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タイトル: Merleau-Ponty : Eye, Body and Postmodernism
著者: Aleš, Erjavec
発行日: 1996年3月25日
出版者: Faculty of Letters, the University of Tokyo
掲載誌情報: JTLA : Journal of the Faculty of Letters, the University of Tokyo, Aesthetics. 20, 1996.3.25, pp. 75-86
抄録: Maurice Merleau-Ponty (1908-1961) has been one of the major figures in the philosophy and aesthetics of a few decades ago. Furthermore, he influenced numerous recent authors, these ranging from Jacques Derrida and Jean-François Lyotard to Jacques Lacan. Moreover, via Lyotard's early work Discours, figure (1971), which became influential in the US and the UK only in the second half of the eighties, his ideas took hold in writers who hadn't even mentioned him. Still, as a recent commentator wrote, Merleau-Ponty "represents a part of contemporary heritage, he is often quoted, but, nonetheless, he remains absent. Nobody ignores him, but only few have read him. In this article I intend to take as my point of departure Merleau-Ponty's essay "Eye and Mind" from 1961. I shall also, at least partly, take into consideration his ideas or rather statements from some of his other more or less concurrent writings, with the help of which I hope to illuminate some of the issues presented in this, Merleau-Ponty's probably most widely read essay. In Part II shall concentrate upon the ideas in "Eye and Mind" which can be relevant for a discussion of the difference between the static and the moving eye and the inclusion of the latter into a post-humanist conception of the subject. I shall then develop some of the consequences of Merleau-Ponty's insistence upon a different understanding of vision, which would somewhat coincide with what Martin Jay has called "a new ontology of sight". In Part II I shall sketch some of the uses Merleau-Ponty's views on these matters have been put to by other writers, especially those who were concerned with the visual arts. In Part III I shall finally point to some of the ways in which Merleau-Ponty's treatment of vision may facilitate our contemporary conceptualization of the differences between the fine arts with their spatial and corporeal features and the new mechanical media like photography, film, television and video. In this last part I shall also draw upon Fredric Jameson and some other authors so as to: (a) support Jameson's thesis that postmodern art is effectively an art form where the links between the referent, the signifier and the signified have been severed; (b) that the mechanical reproducibility of artworks not only helped in lowering the barrier between high art and mass culture, but also helped to establish certain works as fetishes (human bodies included) or raised their value as originals, and (c) to claim that art as we have hitherto known, is increasingly being dissolved in the broader category of culture, hence losing its modernist normative and existential prerogatives; (d) my final claim shall be that much of this has to do with the fact that visual arts and culture are no longer supported by discursive master narratives, but are effectively self-supporting, a consequence of which is a predominance of the effects of the moving gaze: pictures and images as the dominant forms of contemporary representation thwart totalization, thus effectively bringing about what some call "dedifferentiation" or "reenchantment of art". This last observation can also be found, although differently phrased, in Merleau-Ponty, whose work can thus perhaps lead us to insights concerning our own contemporary culture.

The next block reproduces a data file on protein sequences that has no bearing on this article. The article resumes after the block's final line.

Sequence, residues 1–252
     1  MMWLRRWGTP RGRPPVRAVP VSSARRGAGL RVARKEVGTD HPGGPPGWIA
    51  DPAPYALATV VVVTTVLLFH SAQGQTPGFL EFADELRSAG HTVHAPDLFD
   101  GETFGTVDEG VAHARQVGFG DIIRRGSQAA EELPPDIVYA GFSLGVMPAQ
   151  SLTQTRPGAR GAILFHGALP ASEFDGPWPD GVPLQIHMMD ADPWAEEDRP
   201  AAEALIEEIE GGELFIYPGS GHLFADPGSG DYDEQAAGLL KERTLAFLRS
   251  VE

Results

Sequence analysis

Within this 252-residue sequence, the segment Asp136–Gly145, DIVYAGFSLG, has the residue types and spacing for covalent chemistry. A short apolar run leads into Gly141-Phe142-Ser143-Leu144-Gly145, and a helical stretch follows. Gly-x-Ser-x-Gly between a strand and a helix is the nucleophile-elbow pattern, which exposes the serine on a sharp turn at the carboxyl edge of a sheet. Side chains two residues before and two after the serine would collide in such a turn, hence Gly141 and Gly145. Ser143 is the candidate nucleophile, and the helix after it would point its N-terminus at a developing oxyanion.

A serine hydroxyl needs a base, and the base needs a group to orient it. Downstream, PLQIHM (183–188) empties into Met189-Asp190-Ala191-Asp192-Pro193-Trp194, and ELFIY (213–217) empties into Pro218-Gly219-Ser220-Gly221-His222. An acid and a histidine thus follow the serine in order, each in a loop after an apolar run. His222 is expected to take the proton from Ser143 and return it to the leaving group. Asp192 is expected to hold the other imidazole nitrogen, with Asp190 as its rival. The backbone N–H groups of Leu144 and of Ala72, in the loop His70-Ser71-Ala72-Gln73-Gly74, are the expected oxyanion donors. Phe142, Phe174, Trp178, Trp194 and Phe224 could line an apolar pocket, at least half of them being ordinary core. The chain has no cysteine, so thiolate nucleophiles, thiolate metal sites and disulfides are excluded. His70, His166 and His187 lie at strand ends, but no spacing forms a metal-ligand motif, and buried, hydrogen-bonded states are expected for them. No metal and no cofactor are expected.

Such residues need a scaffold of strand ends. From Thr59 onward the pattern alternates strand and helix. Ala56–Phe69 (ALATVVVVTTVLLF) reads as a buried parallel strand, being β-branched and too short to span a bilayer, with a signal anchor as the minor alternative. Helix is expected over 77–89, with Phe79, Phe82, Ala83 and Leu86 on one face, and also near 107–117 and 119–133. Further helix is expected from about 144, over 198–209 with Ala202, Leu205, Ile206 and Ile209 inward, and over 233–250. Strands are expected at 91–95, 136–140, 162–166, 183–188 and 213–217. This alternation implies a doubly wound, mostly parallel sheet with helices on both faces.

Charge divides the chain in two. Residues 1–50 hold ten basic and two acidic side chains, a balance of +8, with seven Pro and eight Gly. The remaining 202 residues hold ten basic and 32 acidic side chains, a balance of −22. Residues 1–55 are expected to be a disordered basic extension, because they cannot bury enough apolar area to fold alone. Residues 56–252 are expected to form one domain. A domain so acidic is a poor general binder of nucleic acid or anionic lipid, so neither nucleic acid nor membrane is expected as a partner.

URI: http://hdl.handle.net/2261/7132
ISSN: 03862593
出現カテゴリ:JTLA : Journal of the Faculty of Letters, the University of Tokyo, Aesthetics
JTLA : Journal of the Faculty of Letters, the University of Tokyo, Aesthetics


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